“Because it takes a minimum of three years of residency after four years of medical school to train an internist, it is critical to begin making careers in internal medicine attractive to young physicians," said Steven Weinberger, a senior vice president at the college. "As America's aging population increases and more people gain access to affordable coverage, the demand for general internists and other primary care doctors will drastically outpace the primary care physician supply."
In 2008, there were 272,435 doctors actively providing primary care services in the United States, or 89.6 per 100,000 people, according to the American Association of Medical Colleges’ 2009 State Physician Workforce Data Book. New Jersey and Pennsylvania ranked 13th and 14th in per capita primary care doctors respectively with 99.8 per 100,000 residents and 99.3 per 100,000. A group of state medical schools in New Jersey recently predicted a larger than expected shortage in doctors because fewer young doctors are choosing to stay after completing their training.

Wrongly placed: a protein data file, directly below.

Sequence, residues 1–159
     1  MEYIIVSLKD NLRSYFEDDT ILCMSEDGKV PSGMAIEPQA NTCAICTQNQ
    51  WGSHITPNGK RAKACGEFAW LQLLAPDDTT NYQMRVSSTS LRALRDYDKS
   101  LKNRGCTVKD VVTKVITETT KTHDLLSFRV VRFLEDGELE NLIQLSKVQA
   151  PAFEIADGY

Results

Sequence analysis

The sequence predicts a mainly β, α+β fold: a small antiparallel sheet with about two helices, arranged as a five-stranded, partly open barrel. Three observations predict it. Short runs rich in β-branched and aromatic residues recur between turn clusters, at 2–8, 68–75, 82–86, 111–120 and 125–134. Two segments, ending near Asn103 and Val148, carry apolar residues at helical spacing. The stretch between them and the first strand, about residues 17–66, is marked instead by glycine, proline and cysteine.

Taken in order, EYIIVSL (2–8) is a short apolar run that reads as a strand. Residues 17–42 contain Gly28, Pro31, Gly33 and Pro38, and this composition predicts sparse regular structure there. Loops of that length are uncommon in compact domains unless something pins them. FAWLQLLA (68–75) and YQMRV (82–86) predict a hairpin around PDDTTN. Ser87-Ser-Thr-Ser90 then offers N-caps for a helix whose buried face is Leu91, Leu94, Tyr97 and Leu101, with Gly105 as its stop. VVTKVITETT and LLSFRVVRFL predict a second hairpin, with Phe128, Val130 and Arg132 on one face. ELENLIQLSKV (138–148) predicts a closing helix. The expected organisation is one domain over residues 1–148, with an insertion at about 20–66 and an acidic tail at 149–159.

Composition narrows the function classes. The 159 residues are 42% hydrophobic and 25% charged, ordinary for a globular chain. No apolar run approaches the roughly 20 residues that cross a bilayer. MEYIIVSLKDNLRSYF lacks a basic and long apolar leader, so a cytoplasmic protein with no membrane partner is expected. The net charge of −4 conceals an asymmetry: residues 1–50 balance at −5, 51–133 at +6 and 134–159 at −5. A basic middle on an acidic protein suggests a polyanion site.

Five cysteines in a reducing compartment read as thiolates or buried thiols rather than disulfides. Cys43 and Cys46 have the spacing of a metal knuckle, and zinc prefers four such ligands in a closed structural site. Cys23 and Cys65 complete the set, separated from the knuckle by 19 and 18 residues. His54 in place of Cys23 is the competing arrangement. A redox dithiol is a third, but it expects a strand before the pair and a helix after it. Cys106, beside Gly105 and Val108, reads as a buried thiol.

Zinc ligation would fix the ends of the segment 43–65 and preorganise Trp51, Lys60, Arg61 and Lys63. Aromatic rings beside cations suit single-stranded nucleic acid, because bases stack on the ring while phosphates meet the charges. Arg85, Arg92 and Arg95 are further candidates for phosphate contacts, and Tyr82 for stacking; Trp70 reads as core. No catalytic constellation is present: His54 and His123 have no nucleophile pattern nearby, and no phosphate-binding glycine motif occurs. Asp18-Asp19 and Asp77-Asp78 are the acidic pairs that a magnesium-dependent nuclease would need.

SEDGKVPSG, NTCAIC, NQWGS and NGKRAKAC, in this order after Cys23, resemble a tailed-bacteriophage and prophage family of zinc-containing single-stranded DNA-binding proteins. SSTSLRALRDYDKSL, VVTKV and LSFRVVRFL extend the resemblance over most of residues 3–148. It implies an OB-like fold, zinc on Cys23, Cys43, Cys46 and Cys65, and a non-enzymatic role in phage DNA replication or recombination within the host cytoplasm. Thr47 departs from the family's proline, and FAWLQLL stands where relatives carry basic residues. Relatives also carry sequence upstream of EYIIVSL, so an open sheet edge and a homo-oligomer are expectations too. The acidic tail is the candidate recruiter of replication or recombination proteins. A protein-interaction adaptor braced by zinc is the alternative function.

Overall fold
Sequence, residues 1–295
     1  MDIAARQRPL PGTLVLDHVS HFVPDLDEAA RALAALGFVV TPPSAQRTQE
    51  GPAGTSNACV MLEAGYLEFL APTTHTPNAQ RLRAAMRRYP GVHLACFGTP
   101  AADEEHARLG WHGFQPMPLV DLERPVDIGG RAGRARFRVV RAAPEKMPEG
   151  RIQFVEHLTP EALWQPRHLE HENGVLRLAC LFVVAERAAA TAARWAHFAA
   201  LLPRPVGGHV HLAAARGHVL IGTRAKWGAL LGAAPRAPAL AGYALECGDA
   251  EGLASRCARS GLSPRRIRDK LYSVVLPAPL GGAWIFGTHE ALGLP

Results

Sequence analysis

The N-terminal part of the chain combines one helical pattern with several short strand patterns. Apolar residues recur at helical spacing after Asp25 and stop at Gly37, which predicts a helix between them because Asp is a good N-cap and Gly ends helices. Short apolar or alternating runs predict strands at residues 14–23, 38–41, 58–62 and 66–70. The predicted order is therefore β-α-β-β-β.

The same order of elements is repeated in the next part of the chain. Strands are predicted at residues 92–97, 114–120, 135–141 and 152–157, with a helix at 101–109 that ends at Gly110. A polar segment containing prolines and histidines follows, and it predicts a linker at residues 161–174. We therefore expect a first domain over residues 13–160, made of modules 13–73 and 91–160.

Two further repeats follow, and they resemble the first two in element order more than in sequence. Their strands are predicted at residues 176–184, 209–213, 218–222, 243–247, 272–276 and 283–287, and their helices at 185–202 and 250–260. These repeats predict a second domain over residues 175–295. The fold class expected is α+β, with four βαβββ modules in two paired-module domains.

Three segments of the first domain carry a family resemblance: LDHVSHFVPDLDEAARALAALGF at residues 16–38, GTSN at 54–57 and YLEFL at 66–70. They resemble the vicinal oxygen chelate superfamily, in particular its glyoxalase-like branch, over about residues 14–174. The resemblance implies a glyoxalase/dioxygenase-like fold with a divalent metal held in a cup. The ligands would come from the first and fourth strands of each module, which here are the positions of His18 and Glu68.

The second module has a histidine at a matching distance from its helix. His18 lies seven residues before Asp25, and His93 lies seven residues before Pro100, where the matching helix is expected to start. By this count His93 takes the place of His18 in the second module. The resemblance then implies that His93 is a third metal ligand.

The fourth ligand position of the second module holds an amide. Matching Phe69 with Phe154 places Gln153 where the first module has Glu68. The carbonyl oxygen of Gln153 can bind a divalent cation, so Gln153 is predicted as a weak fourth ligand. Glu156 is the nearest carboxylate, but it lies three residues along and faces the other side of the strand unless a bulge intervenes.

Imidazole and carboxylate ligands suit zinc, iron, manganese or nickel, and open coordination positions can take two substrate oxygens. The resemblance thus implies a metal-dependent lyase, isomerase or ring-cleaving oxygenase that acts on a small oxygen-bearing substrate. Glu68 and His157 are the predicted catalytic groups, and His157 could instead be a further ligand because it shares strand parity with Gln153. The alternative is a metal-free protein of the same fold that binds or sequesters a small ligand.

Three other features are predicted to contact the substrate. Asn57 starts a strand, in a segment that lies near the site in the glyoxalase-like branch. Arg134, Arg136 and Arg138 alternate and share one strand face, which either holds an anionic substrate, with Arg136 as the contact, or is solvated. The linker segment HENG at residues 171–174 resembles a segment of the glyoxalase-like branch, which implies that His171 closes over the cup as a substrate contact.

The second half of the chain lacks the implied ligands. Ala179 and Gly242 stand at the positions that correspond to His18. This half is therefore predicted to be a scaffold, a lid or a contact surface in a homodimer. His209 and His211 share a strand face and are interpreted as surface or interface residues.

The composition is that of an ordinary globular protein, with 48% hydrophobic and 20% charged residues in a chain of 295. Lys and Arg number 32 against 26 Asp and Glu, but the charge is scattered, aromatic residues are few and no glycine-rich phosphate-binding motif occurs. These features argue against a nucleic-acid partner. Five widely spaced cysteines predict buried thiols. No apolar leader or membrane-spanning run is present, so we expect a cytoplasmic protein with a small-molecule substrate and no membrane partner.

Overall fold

Despite efforts by 54 percent of area smokers to quit in the last year, one in five people living in Berks, Bucks, Chester, Delaware, Lancaster, Montgomery, Philadelphia and Schuylkill still smokes, according to the Public Health Management Corporation in Philadelphia. Its Community Health Database shows that among smokers, about the same number of people with chronic illnesses, such as asthma and heart failure, smoke as those who don’t have such conditions.
But more of those with chronic illness in the area - three in five – attempted to quit in the last year compared with slightly fewer than half of smokers who don’t have a chronic disease. The local nonprofit’s annual household health survey found that despite attempts to stop, 20.5 percent of residents in the eight counties continue to smoke.